3. Some scientists believe that natural running improves your spatial awareness in relation to your environment. And let’s be honest, we could use all the help we can get when running through muddy ditches, climbing over 8ft walls and swinging like Tarzan from monkeybars.

  4. It’s said that the strengthening of the muscles in your feet from barefoot running can reduce wear and tear on your joints which cause you to hobble around like an old man before your time.

  5. Prolonged barefoot running has been said to encourage you to land naturally on the forefoot, which is a better way of running with less impact. It also gives you a smoother, lengthened gait.

  6. Now, who could possibly argue the smelly feet problem everybody faces at some point? Give your running shoes a good wiff next time you’ve been in them during a good long obstacle race…you’ll understand!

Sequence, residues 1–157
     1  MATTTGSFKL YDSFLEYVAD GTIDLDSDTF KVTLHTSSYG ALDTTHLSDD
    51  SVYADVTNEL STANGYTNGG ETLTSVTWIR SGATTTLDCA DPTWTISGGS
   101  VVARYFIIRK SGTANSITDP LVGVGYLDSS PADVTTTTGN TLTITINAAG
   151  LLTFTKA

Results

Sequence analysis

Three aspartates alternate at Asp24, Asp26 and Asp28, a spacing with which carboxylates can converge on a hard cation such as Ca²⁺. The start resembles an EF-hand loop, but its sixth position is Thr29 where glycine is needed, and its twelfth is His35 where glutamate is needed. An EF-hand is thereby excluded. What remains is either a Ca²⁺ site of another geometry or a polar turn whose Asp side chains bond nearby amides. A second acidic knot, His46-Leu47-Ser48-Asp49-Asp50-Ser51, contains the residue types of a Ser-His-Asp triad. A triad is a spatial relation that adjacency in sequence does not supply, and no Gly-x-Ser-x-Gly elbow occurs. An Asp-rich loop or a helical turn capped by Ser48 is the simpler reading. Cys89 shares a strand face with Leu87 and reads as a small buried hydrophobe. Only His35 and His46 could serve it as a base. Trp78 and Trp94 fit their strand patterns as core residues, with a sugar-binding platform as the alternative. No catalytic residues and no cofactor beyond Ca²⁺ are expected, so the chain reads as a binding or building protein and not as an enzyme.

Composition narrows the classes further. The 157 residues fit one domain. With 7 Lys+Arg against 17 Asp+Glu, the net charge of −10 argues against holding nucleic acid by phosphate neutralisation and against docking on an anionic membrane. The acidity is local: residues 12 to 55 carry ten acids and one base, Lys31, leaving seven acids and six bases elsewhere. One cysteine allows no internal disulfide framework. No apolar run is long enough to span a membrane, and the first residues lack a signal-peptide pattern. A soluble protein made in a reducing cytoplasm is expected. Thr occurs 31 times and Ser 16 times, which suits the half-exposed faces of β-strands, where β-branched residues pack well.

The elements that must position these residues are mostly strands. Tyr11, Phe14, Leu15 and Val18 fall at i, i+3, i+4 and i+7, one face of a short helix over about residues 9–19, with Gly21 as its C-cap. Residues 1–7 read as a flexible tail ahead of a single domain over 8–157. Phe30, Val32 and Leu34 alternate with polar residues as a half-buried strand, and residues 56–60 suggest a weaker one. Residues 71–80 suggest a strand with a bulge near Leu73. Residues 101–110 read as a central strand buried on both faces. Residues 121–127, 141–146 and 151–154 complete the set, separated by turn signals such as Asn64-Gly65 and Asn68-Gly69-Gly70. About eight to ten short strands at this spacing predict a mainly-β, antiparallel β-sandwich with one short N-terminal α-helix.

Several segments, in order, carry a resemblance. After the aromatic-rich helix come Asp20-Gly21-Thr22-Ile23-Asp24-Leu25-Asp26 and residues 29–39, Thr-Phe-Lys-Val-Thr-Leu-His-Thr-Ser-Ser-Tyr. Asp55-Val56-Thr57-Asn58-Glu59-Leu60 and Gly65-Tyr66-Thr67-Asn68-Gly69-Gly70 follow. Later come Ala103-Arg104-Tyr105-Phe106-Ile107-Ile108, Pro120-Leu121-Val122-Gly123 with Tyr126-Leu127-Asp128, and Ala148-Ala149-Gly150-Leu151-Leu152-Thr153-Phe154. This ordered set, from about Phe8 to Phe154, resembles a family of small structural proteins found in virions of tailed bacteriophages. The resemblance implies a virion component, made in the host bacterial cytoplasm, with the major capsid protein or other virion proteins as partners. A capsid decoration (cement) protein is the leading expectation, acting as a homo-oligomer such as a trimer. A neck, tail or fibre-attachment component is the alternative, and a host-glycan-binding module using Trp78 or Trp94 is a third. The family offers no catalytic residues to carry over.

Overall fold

1. Wearing running shoes does absorb pressure during running, especially on hard surfaces like tar (for the road runner junkies). This will help to prevent inflammation of ligaments and general foot tenderness.

  2. Shoes with adequate support will also help with issues that arise due to poor foot conformation such as flat feet or high arches.

  3. During obstacle races, we need all the traction that we can get. Running shoes, especially off road shoes, will provide enough grip to get over those dreaded climbing obstacles.

  4. Wearing correct running shoes for a long time can correct biomechanical faults (conformation faults). I personally use anti-pronating shoes for my embarassingly flat feet and have found that, to a certain extent, it has led to an improvement in the conformation fault. Go check out our over-pronating article to read more about the issue.

For those of us who are pro barefoot training, there are ways to ease the transition into barefoot running. Don’t try to be a heavy ‘oa’ and start by running 10km as your first barefoot exercise. Start really small to prevent foot, ankle or calf injuries which is a strong risk factor while strengthening your foot muscles.